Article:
1. Physical games and board games have always been using imagination to turn a playground's sand into lava and the king piece of a chess board into a living figure of royalty.

2. Early text adventure computer games and their modern incarnation, interactive fiction, use words too draw images in the same way as literature.

3. Video games found on simple hardware capable of only low resolution graphics (ex. Atari 2600) required the player to look at 14 pixels and say, "Hey look! That's ET."

4. Mods for video games will use the assets of the parent game to represent entirely different items or objects. Usually this is done when the mod developer doesn't have the resources to create their own assets to import into the game or when they can't import their own resources into the game. For instance, look at how much of the more scripted community content for Garry's Mod uses default Half-Life 2 assets to represent other objects which they are not.

5. Finally, I'll end with the method I currently have an interest in (since, from what I have seen, it is the least used of all these approaches to evoking emotion); audio only games. Currently there are only two deeply communicative output types that video games utilize; the screen and the speakers (yes, rumble and smell-a-vision also exist, but do not have the fidelity of the two major output methods). I imagine these games relating to radio dramas in much the same way as the text adventures relate to books. I personally only know of two games that use this concept, so I have an interest in developing it further, despite the fact that it might not seem all that progressive.

(The title might seem misleading, but it makes clear very briefly a point I would like to get across.)

Monday, August 8, 2011

So I Have Noticed I Am Terrible at Posting Regularly...

This blog is for my benefit. I become a better writer by contributing to it because it counts as experience. I become a better designer since it requires me to transfer my abstract ideas into words, making them some sort of reality; not a playable reality, but a reality none the less. I gain a heightened sense of accountability, of responsibility, to make sure that my thoughts are of some sort of higher caliber because I am posting them on the Internet in a place where the public can potentially judge them, even though at this moment in time I am almost certain no poor soul has had to wade through all of my tripe.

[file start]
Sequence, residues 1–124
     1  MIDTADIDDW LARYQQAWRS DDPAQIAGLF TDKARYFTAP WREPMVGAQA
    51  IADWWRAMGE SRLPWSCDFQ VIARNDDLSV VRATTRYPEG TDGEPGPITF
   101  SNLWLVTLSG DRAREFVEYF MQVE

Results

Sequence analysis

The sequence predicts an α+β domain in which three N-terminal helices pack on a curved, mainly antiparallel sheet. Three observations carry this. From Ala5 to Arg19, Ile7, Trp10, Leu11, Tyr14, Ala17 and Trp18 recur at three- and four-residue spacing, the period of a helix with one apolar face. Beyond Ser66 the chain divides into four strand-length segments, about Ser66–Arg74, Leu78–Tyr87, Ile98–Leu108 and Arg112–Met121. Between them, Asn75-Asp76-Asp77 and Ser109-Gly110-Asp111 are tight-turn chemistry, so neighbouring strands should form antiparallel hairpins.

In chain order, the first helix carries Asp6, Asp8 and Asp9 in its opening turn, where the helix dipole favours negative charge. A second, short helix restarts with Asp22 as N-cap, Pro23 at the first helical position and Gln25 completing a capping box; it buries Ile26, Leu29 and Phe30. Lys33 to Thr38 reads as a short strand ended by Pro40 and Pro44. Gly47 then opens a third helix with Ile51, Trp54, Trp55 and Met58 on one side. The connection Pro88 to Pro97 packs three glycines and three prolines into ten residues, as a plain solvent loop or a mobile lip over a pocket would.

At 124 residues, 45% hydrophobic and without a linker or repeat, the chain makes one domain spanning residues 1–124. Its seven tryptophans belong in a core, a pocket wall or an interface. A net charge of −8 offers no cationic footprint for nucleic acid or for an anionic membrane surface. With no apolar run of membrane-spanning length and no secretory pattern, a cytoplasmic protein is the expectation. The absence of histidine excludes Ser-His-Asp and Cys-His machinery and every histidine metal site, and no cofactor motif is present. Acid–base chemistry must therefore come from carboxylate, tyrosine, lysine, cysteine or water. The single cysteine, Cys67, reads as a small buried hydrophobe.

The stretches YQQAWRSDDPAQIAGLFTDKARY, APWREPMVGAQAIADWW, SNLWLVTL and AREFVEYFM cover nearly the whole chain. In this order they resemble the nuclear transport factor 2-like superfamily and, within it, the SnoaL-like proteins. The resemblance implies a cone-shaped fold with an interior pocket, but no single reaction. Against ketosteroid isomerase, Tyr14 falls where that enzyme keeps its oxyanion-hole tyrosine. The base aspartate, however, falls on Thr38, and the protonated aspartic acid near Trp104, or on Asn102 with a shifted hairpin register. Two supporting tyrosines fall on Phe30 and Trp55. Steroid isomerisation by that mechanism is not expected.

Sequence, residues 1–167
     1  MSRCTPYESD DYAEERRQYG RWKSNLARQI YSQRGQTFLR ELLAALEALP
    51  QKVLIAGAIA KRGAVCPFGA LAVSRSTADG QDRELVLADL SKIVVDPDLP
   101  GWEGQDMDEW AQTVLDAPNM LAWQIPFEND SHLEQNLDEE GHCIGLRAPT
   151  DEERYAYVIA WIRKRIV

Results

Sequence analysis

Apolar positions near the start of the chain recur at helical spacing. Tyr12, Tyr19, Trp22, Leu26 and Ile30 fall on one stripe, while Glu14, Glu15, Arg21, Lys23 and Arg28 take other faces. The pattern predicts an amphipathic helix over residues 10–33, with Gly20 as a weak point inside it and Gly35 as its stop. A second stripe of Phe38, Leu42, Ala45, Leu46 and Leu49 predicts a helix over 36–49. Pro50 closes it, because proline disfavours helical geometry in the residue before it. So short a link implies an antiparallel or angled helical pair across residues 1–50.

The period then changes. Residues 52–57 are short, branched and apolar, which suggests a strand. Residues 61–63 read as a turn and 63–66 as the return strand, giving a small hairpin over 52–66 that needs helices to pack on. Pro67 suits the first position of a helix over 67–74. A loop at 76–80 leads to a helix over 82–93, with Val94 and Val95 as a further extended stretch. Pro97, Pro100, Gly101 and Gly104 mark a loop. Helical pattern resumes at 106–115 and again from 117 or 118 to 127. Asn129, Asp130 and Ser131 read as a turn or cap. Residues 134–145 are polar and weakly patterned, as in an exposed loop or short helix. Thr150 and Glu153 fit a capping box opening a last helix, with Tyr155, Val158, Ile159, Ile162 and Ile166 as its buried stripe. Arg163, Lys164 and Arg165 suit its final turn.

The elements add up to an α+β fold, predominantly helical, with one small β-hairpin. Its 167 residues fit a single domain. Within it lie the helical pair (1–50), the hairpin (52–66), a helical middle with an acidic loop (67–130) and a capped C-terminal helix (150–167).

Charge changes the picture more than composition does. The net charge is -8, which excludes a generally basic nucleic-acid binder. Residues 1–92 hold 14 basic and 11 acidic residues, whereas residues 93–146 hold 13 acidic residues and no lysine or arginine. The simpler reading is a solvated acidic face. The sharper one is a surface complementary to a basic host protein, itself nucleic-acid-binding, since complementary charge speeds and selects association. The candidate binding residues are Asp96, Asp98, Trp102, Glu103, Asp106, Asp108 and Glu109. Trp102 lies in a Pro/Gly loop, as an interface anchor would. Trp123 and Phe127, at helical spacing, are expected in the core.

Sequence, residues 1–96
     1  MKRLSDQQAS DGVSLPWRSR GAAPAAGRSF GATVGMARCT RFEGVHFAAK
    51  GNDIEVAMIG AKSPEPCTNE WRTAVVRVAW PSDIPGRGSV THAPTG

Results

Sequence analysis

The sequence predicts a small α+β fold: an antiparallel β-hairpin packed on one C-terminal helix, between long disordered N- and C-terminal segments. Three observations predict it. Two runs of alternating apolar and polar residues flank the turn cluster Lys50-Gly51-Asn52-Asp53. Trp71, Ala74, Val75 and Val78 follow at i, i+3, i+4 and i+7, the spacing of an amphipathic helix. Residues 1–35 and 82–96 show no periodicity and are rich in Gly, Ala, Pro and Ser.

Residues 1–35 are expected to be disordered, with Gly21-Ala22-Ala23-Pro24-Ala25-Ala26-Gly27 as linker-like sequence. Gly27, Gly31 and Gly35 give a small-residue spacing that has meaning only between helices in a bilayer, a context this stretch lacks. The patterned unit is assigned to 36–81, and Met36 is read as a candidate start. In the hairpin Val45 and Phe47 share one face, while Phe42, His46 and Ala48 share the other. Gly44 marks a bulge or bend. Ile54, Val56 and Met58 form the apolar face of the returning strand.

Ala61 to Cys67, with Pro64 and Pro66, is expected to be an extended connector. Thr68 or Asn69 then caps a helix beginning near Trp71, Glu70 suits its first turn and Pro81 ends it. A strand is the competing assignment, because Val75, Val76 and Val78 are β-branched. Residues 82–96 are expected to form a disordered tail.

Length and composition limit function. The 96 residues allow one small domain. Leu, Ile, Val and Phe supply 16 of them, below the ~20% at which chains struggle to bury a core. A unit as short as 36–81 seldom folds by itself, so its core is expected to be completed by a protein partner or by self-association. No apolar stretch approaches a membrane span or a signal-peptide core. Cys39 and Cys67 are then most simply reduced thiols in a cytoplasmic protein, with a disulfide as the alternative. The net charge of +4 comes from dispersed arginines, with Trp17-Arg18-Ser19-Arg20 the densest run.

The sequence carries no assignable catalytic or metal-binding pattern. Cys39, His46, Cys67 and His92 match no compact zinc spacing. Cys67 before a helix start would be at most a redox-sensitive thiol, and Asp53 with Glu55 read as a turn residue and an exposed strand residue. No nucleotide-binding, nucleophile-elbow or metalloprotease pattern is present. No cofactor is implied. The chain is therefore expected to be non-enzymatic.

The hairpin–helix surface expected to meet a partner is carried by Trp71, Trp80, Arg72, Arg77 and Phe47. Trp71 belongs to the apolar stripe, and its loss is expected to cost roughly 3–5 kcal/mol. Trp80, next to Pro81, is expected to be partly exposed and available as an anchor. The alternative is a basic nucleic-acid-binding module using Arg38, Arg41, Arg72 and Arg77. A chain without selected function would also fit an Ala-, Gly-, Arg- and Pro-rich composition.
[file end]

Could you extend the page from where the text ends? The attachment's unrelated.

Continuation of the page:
So to ignore this blog for around a months time (what happened? I don't even know, unfortunately) is really hurting me and my future. But whateves! Right? Wrong! I'm going to try once again to keep myself working hard to write regularly, and this time I am going to try doing this not in the middle of the summer, but in the middle of school. It is actually uncertain whether or not this or boost productivity; it will be fascinating to see.

Everything learned about game development between this post and the previous one is conveniently listed below:

1. Cloning Tic-Tac-Toe is not fun, and regardless of how easy it is to do, it does not inspire one to build an acceptable interface around its system.

2. Avoid any RPG Maker program like the plague. I remembered having fun with these tools in middle school and now, as an older, wiser designer I see that they do nothing but inspire uninspiredness. Strangely enough, they are dangerously simple.

3. Tools, tools, tools. I made an entire sokoban engine, but then discarded it since I wasn't willing (and probably not able) to create the proper level design tools. It will be great, intuitive tools that will save this industry from spending 200 million dollars to produce a game.

4. Are you starting a project by first creating character sprites or drawing the tileset for the second world? Yeah, that project isn't going to ever be finished, thought I'd let you know ahead of time.

5. Working with other people, even one other person, makes all the difference in the world. There is no shame to be had in looking for support in a team.

6. Live, networked playtesting on a server for single player content is an amazing approach to getting player feedback. A buddy and I did this for a small platformer build in a game called Blockland (I will write up a post about this game someday).

Here is to the hope that I might deliver my next post within a weeks time!